We've been working on some design tweaks, and I'm optimistic that 2022 will be the year that LACRM will finally look like a fully polished and professional app, even for people with high design standards.
This is also the time of year when I take some time to plan what's happening with my personal money. Even though I'm a 50% owner in LACRM, I'm still paid entirely in salary, and I get a raise at the beginning of each year, so it's a natural time to plan.
You probably don't care too much about this so I won't go into great detail, but something I started doing a few years ago is that I now have a spreadsheet that automatically calculates how much of my new money goes towards what. I just enter what my new salary will be and my effective tax rate, and it tells me $x goes towards long-term saving, $y goes to charity, and I can spend $z on whatever I want. It makes things so much easier not having to agonize over finding the right balance each year.
Good stuff on the internet
Advent of code
If you're a programmer and don't know about this already, you should check it out. Every December, they post one coding challenge per day leading up to Christmas (you can go back and do old ones anytime). They start out really easy but they get hard fast. I've never finished all of them, but it's a really fun way to brush up on my coding skills since I don't code at work as much these days. You can also start a private group with friends/co-workers so you can compete with each other.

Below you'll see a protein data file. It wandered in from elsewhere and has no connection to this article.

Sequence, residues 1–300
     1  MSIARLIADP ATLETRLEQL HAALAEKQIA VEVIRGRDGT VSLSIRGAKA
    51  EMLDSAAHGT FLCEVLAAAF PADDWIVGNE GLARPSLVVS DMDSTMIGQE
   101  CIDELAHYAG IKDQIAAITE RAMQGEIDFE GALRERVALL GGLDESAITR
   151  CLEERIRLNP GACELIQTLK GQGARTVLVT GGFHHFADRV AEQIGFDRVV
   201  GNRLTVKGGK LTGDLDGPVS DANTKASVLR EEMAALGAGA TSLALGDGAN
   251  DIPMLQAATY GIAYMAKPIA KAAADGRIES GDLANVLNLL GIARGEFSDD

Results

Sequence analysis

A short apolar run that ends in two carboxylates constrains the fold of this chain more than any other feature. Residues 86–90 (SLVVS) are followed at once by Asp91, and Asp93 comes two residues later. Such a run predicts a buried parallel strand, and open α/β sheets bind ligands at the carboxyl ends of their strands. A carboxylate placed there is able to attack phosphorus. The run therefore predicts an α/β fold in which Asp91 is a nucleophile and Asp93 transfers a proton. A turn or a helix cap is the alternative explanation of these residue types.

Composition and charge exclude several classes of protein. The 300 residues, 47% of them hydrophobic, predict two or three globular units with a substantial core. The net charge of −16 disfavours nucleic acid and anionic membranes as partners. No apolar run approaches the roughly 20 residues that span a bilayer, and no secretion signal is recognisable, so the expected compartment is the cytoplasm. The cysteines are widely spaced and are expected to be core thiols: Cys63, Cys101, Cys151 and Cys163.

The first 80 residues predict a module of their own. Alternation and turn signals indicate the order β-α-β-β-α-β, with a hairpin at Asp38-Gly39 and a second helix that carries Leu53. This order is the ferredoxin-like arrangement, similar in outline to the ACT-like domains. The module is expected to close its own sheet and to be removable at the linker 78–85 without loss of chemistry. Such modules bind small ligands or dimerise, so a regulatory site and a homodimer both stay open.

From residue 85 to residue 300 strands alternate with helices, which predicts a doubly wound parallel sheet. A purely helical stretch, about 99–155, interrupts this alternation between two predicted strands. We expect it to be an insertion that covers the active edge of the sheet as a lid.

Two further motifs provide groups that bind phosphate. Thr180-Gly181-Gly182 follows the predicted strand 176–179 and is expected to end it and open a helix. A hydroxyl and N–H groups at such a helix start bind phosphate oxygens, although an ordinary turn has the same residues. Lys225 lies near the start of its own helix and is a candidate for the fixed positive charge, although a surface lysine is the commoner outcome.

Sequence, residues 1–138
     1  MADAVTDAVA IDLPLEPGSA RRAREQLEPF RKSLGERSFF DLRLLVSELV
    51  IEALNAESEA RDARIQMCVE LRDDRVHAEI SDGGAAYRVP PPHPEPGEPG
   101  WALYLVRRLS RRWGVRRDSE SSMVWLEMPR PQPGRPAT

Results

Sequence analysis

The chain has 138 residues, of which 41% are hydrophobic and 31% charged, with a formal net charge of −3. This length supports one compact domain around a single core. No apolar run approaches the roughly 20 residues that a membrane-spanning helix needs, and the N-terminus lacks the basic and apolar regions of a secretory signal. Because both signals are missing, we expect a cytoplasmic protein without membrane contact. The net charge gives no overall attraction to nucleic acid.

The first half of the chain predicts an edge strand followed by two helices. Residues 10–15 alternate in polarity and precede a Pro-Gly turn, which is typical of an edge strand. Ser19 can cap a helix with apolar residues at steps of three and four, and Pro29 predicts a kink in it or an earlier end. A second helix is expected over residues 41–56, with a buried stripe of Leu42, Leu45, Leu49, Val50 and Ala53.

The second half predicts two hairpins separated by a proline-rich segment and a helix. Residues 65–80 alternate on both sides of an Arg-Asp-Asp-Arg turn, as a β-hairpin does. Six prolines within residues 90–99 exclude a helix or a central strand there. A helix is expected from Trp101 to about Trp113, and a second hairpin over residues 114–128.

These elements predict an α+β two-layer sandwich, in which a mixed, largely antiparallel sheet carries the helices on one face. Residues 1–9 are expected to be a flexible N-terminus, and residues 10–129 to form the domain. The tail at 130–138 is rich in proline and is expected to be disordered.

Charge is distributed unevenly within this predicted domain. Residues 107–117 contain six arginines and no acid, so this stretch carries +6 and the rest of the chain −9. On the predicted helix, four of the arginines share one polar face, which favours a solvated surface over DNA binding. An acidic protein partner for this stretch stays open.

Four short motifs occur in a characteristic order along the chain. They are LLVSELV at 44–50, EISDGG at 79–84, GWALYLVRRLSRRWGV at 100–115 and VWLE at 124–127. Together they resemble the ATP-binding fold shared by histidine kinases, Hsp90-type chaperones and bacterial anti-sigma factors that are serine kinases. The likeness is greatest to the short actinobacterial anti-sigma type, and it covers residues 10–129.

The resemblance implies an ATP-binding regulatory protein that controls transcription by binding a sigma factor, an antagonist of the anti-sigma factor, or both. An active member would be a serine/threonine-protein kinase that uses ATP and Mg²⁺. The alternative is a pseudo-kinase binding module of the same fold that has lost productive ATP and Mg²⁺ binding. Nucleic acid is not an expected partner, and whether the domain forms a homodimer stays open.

Too often, I think of delegation as something that helps me. Like, if I'd delegated that thing, I would have had time to work on something else. But it always seems like an imposition on the person I'm delegating to.
This tweet is a great reminder that, when done properly, delegating is good for the other person too. It's how you give them new opportunities to learn and grow. Most high-potential employees are thrilled to take on work that was previously done by someone higher up the chain of command.
In your first 90 days in a new PM job, it’s important to get in some quick wins early. Here are some ideas for how. A thread:
December 7th 2021
I don't expect to ever be a PM in a new job, but even still, I found this thread to be really helpful. As I get older, I find it harder and harder to learn new things. I think it's because I'm used to being experienced, so when I take on something new, the feeling of being inexperienced is so foreign and uncomfortable that I don't want to keep going.
This thread gives some great ideas on how to get involved and actually provide value even during the "I don't know what I'm doing" phase of something new. It's probably something we should all keep in mind in 2022.
That's it for now. I love hearing from readers, so if you'd like to discuss any of these topics more, just hit that reply button!